What does your daily routine look like in quarantine?
I’ve been trying to watch more documentaries. Picking up some books and reading more. I’ve probably painted as many canvasses as I can fit in my apartment. My wife and I have just been taking this time to hangout, read, play cards, do home workouts—just the basics, it’s been really nice.
I did want to ask—As a pro skater, this is pretty unprecedented as well; have your sponsors spoken to you about keeping you paid even if you cannot skate?
I feel lucky being pro for Krooked Skateboards and having Deluxe behind them. The community supports the skate company and then the skate company returns the favor. I only have a few sponsors that support me financially and so far that is still solid. I have a couple of parts that are almost finished, but I am putting those on pause right now.
It might be more of an issue in a few months.
Yeah, definitely. I am hoping that people still buy boards and support local skateshops as much as they can right now. The skate community really supports itself to some degree. It’s really cool to see actually, especially in a time like this.
I am hoping that people still buy boards and support local skateshops as much as they can right now. The skate community really supports itself to some degree. It’s really cool to see actually, especially in a time like this
I assume your skate camp (Dream Big) is on hold. That was sort of the reason we were supposed to do this interview.
Yeah. Like a lot of companies or projects, it’s hard to pause, but my partner and I want to use this time to try and reflect and figure out ways to make the camp better. We can still work on stuff on the side and when the time is right we can come back to it, but right now we are just using this time to improve on what we are already doing.
I would say for you—who has your artwork, your skate camp, and all these outside interests you are probably well suited now, when something like this happens.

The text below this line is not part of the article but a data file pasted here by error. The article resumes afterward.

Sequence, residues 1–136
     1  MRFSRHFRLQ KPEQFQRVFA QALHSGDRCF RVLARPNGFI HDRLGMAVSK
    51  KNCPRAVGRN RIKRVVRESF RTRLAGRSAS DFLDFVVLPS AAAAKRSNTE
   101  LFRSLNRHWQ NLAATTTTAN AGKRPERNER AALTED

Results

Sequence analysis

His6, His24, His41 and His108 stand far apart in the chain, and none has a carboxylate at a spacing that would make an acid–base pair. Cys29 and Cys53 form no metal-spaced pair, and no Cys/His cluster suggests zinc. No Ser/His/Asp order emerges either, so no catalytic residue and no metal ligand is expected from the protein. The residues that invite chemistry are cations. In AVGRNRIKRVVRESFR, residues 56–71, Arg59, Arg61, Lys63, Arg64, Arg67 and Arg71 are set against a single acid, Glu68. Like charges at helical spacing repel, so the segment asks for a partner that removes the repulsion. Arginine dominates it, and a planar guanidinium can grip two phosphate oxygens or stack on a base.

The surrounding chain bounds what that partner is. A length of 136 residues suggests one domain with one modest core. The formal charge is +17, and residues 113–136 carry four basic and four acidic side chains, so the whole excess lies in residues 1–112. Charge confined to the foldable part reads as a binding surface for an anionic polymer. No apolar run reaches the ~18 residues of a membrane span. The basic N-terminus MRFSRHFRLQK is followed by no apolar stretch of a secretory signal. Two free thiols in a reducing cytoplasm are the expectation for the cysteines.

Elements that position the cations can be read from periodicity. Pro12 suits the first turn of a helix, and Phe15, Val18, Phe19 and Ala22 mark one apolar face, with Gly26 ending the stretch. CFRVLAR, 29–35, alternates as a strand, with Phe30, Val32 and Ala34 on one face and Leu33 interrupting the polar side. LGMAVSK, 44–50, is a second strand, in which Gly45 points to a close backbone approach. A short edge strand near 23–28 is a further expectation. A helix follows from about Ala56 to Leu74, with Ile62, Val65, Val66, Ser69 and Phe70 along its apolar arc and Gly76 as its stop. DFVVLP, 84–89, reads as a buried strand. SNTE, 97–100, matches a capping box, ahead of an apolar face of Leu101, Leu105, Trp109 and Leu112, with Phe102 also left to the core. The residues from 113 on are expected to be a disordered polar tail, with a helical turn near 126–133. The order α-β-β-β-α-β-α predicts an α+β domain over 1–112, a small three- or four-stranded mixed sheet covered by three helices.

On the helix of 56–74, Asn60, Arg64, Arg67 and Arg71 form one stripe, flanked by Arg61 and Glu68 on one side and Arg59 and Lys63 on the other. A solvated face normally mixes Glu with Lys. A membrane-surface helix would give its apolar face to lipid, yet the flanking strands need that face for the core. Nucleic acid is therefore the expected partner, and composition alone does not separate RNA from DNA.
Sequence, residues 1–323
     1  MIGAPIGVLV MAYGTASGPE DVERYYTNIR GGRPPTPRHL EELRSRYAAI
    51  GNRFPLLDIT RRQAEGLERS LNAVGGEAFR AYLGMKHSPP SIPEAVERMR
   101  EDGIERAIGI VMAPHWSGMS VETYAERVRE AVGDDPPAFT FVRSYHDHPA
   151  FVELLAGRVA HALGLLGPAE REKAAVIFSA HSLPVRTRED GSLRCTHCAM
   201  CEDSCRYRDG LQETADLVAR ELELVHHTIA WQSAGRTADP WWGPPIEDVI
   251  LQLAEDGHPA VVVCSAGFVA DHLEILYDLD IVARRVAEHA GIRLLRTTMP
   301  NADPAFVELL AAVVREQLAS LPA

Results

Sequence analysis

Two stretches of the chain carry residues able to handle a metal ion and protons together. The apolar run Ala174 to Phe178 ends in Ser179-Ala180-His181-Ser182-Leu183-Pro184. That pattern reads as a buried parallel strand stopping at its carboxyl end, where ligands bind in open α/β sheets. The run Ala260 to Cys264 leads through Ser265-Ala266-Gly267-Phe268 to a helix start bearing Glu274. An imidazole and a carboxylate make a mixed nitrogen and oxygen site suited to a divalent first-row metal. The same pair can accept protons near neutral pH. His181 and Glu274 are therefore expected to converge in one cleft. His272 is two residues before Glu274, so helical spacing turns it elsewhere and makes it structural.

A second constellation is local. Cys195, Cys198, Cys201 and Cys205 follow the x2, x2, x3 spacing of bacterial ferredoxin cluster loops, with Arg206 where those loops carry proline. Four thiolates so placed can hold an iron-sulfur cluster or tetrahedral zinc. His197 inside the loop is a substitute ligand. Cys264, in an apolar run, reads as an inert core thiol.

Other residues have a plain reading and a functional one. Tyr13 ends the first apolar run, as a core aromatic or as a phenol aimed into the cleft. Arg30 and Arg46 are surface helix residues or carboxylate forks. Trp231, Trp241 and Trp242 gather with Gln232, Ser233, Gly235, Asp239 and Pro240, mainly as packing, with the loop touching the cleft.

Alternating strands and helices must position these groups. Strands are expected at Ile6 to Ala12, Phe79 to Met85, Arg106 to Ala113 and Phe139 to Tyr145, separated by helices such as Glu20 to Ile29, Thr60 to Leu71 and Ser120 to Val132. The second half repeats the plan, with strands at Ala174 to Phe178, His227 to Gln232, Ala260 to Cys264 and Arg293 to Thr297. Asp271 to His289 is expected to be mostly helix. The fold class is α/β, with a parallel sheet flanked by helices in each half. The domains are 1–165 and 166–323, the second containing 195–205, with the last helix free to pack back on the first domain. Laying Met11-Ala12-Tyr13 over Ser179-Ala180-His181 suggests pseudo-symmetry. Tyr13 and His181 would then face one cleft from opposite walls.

Definitely. I like to have all that moving at the same time. I thrive when I have a lot of projects going at once. There are a few murals that have been put on hold and the camp is put on hold, but I’m still able to work on building my website, still able to paint, and like I said spending time with my wife trying to figure out things to do to help the world, small or large.
We’re all in the same boat.
Yeah, some of it is for the positive. Even from something that is overwhelmingly a negative thing like this virus—learning to be patient and just taking a break. I think it’s good for our society on some levels.
Even from something that is overwhelmingly a negative thing like this virus—learning to be patient and just taking a break. I think it’s good for our society on some levels
There hasn’t been a break in a long time. We’ve all been so busy.
I was listening to an interview on NPR, they were talking about our society and how we behave nowadays. How we have a soft focus on a million things at once, almost constantly. That resonated with me. I find myself at times wanting to sit down and read a book or something but then I think, “Oh, I should post this, or I should mention this to somebody, or look at my notes…” just constantly like a hamster on a wheel.
So it’s kind of nice just to take a step back and focus on some basics. Do a little exercise; take a little time to relax. It feels good. My body is also able to fully heal. This is the least scabs and least soreness I’ve ever had! It was funny though because I went out skating yesterday alone and after a week of not skating, my muscles were like, “Whoa”. Because usually I skate like six hours a day.
I do hope we can get back to that at some point. In the meantime, let’s all stay safe. Thanks to all the doctors/medical workers, delivery guys & grocery store employees. They are the champions right now.
Sending love to all in this difficult time. Stay inside as much as possible, wash your hands, enjoy the simple things—watch old skate footage, read books, listen to podcasts, study old skate mags, make art. Keep your distance and follow guidelines if you do go out and let’s all make it through this together as best we can.